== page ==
Castle is the rendering in the A. V. of the following words in certain passages: אִרמוֹן, armon´, a fortress (Pr 18:19; elsewhere uniformly "palace"); טִירָה, tirah´, a wall ("row," Eze 46:23), hence an enclosure, e.g. a fortress ("palace," Song 8:9), or a nomade hamlet of palisades (Ge 25:16; Nu 21:10; 1Ch 6:54; "palace," Eze 25:4; poetically "habitation," Ps 69:25); בִּרָנִיטת, biranith´ [from the synonymous בִּירָה, birah´, "palace;" SEE BARIS ], a citadel (2Ch 17:12; 2Ch 27:4); מִגדָּל, migdal´ (1Ch 27:25), a tower (as elsewhere rendered); מצָד, metsad´ (1Ch 11:7), or מצוּדָה , metsudah´ (1Ch 11:5), a fort or stronghold (as elsewhere usually rendered); ἀκρόπολις, acropolis (2 Macc. 4:27; 5:5); πύργος, a tower along a wall (2 Macc. 10:18, 20, 22); παρεμβωλή, a military enclosure (Ac 21:34,37; Ac 22:24; Ac 23:10,16,32) or station ("camp," Heb 11:34; Heb 13:11,13; Re 20:9). SEE TOWER; SEE PALACE, etc.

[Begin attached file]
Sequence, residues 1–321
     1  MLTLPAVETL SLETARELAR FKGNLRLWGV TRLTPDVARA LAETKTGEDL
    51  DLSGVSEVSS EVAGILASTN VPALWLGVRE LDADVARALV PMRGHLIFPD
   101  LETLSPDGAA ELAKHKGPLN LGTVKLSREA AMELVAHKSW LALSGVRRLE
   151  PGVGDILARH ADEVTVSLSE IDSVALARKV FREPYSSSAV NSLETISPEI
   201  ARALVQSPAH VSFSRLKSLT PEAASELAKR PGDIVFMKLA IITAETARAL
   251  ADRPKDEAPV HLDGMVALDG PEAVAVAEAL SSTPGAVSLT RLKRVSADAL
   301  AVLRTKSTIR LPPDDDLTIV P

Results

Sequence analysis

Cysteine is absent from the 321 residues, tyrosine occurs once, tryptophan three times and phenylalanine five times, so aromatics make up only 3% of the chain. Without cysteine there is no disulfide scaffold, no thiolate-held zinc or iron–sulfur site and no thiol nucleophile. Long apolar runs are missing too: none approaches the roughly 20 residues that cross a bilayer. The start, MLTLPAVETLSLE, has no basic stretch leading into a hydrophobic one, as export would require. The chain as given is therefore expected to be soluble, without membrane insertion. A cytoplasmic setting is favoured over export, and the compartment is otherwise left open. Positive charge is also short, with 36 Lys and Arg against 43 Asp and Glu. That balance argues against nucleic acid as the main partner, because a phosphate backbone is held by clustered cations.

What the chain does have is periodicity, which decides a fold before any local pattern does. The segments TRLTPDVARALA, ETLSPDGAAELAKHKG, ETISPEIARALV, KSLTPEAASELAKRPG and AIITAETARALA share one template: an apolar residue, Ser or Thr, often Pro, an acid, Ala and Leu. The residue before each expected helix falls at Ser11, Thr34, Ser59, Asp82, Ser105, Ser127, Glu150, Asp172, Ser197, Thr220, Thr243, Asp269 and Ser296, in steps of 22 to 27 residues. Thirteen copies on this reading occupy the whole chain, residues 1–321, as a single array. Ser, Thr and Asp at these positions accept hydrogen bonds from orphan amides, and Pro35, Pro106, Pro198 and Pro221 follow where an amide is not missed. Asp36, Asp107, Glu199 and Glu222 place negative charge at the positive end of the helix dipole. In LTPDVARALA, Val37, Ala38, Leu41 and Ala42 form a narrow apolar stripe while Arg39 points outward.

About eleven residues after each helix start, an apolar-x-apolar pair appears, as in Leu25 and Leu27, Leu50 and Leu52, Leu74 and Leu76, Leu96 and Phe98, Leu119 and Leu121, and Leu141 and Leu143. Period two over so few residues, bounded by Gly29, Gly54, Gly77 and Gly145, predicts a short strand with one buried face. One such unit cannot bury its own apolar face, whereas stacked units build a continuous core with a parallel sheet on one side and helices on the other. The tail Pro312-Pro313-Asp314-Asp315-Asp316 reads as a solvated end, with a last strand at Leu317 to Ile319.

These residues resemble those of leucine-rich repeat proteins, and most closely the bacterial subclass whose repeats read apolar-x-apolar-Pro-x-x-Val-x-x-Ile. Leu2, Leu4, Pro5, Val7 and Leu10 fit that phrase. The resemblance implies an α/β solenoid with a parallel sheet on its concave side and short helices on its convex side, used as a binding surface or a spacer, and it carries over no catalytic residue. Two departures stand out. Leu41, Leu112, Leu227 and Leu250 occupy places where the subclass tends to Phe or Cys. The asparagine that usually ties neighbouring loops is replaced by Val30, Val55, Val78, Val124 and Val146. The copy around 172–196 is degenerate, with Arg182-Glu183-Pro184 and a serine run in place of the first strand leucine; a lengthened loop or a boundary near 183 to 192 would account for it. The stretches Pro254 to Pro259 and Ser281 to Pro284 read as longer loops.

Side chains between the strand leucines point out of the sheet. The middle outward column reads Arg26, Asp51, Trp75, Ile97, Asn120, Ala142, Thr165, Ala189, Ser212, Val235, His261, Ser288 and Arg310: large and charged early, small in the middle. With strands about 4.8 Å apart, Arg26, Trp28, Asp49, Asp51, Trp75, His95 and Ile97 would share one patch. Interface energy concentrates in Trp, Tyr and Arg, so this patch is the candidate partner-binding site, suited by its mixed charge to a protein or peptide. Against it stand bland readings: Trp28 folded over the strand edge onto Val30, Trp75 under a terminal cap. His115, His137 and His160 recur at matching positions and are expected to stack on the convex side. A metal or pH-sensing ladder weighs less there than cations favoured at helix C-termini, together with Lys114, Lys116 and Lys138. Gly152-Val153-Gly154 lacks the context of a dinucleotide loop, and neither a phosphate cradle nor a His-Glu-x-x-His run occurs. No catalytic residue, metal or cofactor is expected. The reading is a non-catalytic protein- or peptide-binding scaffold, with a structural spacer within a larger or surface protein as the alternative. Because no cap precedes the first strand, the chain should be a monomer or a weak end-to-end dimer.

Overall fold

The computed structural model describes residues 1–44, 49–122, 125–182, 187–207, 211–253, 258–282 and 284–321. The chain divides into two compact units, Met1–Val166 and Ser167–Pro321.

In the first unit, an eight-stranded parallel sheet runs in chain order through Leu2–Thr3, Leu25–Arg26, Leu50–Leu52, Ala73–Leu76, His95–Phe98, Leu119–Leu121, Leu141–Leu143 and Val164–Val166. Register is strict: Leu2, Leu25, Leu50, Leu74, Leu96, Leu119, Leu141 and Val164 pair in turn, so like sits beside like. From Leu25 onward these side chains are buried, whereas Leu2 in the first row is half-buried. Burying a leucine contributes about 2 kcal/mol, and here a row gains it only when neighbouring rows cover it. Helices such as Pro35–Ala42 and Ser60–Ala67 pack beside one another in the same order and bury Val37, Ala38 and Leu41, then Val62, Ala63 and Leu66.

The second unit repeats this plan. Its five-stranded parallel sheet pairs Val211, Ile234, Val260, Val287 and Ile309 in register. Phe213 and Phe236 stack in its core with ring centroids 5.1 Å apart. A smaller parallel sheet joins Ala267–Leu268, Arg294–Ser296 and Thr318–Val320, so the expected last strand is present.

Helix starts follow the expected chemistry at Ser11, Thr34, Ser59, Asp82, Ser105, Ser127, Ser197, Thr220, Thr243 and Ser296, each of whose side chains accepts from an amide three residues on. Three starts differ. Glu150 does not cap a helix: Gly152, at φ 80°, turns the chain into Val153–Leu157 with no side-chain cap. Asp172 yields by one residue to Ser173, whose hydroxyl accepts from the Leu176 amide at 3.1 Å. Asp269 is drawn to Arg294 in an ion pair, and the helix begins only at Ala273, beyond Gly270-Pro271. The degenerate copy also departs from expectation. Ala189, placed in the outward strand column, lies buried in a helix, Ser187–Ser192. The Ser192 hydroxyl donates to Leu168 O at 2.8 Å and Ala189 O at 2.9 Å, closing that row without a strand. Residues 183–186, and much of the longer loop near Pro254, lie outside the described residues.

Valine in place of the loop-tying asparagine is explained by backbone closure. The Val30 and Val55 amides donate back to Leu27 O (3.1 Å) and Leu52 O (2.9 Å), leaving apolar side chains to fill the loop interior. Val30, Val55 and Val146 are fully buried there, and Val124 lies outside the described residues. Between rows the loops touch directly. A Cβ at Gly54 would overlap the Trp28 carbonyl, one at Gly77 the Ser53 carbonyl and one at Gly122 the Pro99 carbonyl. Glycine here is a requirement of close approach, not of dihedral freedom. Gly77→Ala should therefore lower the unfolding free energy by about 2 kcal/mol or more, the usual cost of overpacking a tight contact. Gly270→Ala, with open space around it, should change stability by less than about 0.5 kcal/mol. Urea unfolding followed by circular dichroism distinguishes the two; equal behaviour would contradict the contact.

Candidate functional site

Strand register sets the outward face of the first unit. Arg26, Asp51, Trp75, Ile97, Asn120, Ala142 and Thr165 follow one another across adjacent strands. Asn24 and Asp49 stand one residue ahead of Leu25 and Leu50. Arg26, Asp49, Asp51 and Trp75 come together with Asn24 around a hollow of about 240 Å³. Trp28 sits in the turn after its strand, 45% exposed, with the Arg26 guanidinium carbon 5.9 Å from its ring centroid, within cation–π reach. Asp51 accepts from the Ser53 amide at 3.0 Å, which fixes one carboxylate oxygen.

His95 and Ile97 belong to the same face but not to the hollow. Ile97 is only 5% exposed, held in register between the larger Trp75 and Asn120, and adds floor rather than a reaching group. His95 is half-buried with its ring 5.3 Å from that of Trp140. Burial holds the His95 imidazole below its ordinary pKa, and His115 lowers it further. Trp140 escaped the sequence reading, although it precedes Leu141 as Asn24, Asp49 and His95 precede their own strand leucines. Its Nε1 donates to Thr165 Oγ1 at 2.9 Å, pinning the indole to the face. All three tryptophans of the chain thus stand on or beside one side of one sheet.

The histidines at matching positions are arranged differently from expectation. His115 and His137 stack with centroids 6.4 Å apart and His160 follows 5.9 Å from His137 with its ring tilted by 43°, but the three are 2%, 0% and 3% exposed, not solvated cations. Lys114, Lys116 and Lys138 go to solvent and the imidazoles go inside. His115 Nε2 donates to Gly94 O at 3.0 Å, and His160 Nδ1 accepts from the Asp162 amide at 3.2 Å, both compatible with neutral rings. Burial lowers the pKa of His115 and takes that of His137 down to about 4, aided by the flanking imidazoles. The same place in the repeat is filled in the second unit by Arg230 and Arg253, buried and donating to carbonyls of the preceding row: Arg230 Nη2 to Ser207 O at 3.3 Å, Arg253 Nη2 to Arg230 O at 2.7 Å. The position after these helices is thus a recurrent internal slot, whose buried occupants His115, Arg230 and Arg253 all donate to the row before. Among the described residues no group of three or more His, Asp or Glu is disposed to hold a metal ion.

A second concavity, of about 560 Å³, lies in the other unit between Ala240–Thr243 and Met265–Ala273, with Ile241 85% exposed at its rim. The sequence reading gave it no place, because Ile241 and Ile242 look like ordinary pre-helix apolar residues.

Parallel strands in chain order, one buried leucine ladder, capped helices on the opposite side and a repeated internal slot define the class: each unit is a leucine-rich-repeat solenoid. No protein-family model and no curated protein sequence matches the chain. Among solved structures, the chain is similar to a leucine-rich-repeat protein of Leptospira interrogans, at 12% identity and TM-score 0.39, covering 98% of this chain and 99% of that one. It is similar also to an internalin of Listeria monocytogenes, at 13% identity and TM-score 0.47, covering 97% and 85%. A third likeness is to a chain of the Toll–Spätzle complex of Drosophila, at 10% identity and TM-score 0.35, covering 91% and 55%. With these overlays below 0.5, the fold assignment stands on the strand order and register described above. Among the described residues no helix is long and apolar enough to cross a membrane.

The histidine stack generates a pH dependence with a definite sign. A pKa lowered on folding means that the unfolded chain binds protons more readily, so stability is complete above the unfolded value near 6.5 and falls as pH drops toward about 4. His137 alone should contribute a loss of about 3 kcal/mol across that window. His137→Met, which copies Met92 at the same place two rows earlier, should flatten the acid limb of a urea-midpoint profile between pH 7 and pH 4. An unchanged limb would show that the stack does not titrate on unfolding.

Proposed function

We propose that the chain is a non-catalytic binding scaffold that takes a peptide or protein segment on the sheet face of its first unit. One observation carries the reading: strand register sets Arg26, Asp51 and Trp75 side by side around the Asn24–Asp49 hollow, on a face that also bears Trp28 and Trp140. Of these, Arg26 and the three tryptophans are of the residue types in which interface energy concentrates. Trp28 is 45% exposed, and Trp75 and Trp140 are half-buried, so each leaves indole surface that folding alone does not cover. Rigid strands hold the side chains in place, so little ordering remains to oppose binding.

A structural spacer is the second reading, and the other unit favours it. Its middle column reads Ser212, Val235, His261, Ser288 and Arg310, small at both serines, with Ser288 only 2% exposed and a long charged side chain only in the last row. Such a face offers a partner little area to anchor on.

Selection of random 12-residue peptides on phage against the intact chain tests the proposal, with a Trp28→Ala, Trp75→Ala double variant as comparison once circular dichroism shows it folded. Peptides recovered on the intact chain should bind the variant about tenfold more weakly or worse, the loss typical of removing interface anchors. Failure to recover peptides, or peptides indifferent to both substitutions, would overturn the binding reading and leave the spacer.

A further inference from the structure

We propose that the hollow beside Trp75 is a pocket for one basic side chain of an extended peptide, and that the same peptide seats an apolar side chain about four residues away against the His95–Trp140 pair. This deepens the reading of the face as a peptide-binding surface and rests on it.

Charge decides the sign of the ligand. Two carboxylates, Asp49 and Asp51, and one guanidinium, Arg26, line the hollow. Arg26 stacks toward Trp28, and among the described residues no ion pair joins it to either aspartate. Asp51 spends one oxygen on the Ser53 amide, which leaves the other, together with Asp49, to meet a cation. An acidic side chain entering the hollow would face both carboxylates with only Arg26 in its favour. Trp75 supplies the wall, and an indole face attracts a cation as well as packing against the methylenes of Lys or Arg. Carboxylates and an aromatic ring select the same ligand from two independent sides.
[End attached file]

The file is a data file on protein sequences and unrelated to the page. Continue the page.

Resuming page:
Castles among the Hebrews were a kind of military fortress, frequently built on an eminence (1Ch 11:7). The priests' castles, mentioned in 1Ch 6:54, may also have been a kind of tower, for the purpose of making known anything discovered at a distance, and for blowing the trumpets, in like manner as the Mohammedan imams ascend the minarets of the mosques at the present day to call the people to prayers. The castles of the sons of Ishmael, mentioned in Ge 25:16, were watch-towers, used by the nomad shepherds for security against marauders. The "castle" in Ac 21:34, refers to the quarters of the Roman soldiers at Jerusalem in the fortress Antonia (q.v.), which was adjacent to the Temple and commanded it. SEE FORTIFICATION.